git://git.kernel.org/pub/scm/linux/kernel/git/viro/vfs Pull more vfs updates from Al Viro: "Embarrassing braino fix + pipe page accounting + fixing an eyesore in find_filesystem() (checking that s1 is equal to prefix of s2 of given length can be done in many ways, but "compare strlen(s1) with length and then do strncmp()" is not a good one...)" * 'for-linus' of git://git.kernel.org/pub/scm/linux/kernel/git/viro/vfs: [regression] fix braino in fs/dlm/user.c pipe: limit the per-user amount of pages allocated in pipes find_filesystem(): simplify comparison
2016-01-20sysctl: enable strict writesKees Cook-1/+1
SYSCTL_WRITES_WARN was added in commit f4aacea2f5d1 ("sysctl: allow for strict write position handling"), and released in v3.16 in August of 2014. Since then I can find only 1 instance of non-zero offset writing[1], and it was fixed immediately in CRIU[2]. As such, it appears safe to flip this to the strict state now. [1] https://www.google.com/search?q="when%20file%20position%20was%20not%200" [2] http://lists.openvz.org/pipermail/criu/2015-April/019819.html Signed-off-by: Kees Cook <keescook@chromium.org> Cc: "Eric W. Biederman" <ebiederm@xmission.com> Signed-off-by: Andrew Morton <akpm@linux-foundation.org> Signed-off-by: Linus Torvalds <torvalds@linux-foundation.org>
2016-01-19pipe: limit the per-user amount of pages allocated in pipesWilly Tarreau-0/+14
On no-so-small systems, it is possible for a single process to cause an OOM condition by filling large pipes with data that are never read. A typical process filling 4000 pipes with 1 MB of data will use 4 GB of memory. On small systems it may be tricky to set the pipe max size to prevent this from happening. This patch makes it possible to enforce a per-user soft limit above which new pipes will be limited to a single page, effectively limiting them to 4 kB each, as well as a hard limit above which no new pipes may be created for this user. This has the effect of protecting the system against memory abuse without hurting other users, and still allowing pipes to work correctly though with less data at once. The limit are controlled by two new sysctls : pipe-user-pages-soft, and pipe-user-pages-hard. Both may be disabled by setting them to zero. The default soft limit allows the default number of FDs per process (1024) to create pipes of the default size (64kB), thus reaching a limit of 64MB before starting to create only smaller pipes. With 256 processes limited to 1024 FDs each, this results in 1024*64kB + (256*1024 - 1024) * 4kB = 1084 MB of memory allocated for a user. The hard limit is disabled by default to avoid breaking existing applications that make intensive use of pipes (eg: for splicing). Reported-by: socketpair@gmail.com Reported-by: Tetsuo Handa <penguin-kernel@I-love.SAKURA.ne.jp> Mitigates: CVE-2013-4312 (Linux 2.0+) Suggested-by: Linus Torvalds <torvalds@linux-foundation.org> Signed-off-by: Willy Tarreau <w@1wt.eu> Signed-off-by: Al Viro <viro@zeniv.linux.org.uk>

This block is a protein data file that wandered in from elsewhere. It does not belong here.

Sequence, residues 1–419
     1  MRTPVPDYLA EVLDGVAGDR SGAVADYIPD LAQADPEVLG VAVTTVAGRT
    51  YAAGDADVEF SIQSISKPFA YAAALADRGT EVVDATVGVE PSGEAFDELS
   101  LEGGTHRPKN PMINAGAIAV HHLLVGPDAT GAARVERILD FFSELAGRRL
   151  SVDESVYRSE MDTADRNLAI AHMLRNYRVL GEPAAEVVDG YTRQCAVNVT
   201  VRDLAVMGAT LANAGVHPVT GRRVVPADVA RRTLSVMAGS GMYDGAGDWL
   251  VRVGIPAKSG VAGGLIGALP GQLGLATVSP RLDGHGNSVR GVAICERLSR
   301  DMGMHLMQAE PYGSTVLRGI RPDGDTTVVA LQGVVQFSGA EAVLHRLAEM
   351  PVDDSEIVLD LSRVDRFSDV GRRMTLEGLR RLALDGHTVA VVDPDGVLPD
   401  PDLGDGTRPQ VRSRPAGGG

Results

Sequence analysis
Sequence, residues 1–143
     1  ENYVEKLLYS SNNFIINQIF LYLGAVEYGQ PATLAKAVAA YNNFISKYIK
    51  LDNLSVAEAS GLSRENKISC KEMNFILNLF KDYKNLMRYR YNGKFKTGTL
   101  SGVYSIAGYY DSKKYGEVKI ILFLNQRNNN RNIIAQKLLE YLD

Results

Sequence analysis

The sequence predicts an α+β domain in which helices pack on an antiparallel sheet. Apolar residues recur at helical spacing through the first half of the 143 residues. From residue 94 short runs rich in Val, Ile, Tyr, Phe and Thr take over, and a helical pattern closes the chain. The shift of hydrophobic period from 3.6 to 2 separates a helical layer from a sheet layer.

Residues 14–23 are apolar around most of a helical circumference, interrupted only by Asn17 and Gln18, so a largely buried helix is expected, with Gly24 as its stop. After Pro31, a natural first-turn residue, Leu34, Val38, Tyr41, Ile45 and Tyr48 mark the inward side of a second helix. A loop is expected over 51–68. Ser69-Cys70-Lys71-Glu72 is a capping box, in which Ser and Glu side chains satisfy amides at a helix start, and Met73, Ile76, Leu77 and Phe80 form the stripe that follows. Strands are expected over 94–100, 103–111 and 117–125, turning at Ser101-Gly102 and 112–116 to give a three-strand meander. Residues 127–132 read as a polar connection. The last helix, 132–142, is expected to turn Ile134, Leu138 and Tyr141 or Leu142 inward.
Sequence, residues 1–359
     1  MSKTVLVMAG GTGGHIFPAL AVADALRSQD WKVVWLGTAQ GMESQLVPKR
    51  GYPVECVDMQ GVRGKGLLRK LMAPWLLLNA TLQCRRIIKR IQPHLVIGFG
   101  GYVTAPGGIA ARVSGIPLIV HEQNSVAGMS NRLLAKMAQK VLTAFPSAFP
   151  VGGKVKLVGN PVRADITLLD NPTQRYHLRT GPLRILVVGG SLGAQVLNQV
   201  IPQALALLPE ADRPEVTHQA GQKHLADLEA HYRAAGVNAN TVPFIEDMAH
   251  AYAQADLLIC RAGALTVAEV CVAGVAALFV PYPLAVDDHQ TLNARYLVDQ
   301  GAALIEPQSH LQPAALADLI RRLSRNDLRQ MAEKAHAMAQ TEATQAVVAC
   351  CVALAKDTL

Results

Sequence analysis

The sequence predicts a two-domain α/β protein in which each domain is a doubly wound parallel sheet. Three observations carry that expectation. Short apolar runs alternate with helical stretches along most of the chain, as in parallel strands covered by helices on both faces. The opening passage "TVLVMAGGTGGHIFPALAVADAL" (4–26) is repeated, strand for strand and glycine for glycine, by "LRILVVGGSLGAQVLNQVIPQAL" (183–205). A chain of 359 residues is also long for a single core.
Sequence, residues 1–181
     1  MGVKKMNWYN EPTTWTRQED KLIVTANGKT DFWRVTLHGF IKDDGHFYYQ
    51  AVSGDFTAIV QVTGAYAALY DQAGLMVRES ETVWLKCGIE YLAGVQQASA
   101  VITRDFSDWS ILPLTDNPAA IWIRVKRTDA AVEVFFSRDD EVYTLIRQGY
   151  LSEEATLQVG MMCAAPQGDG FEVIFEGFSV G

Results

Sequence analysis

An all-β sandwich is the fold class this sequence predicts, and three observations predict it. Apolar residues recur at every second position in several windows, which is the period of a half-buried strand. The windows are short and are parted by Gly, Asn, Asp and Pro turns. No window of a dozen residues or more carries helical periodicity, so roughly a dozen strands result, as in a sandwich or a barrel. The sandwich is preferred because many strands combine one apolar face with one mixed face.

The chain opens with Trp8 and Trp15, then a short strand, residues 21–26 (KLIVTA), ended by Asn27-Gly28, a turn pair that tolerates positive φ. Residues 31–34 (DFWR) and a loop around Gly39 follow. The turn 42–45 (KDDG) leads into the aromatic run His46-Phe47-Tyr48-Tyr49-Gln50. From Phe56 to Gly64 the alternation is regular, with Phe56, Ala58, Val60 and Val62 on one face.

2016-01-14mm: mmap: add new /proc tunable for mmap_base ASLRDaniel Cashman-0/+22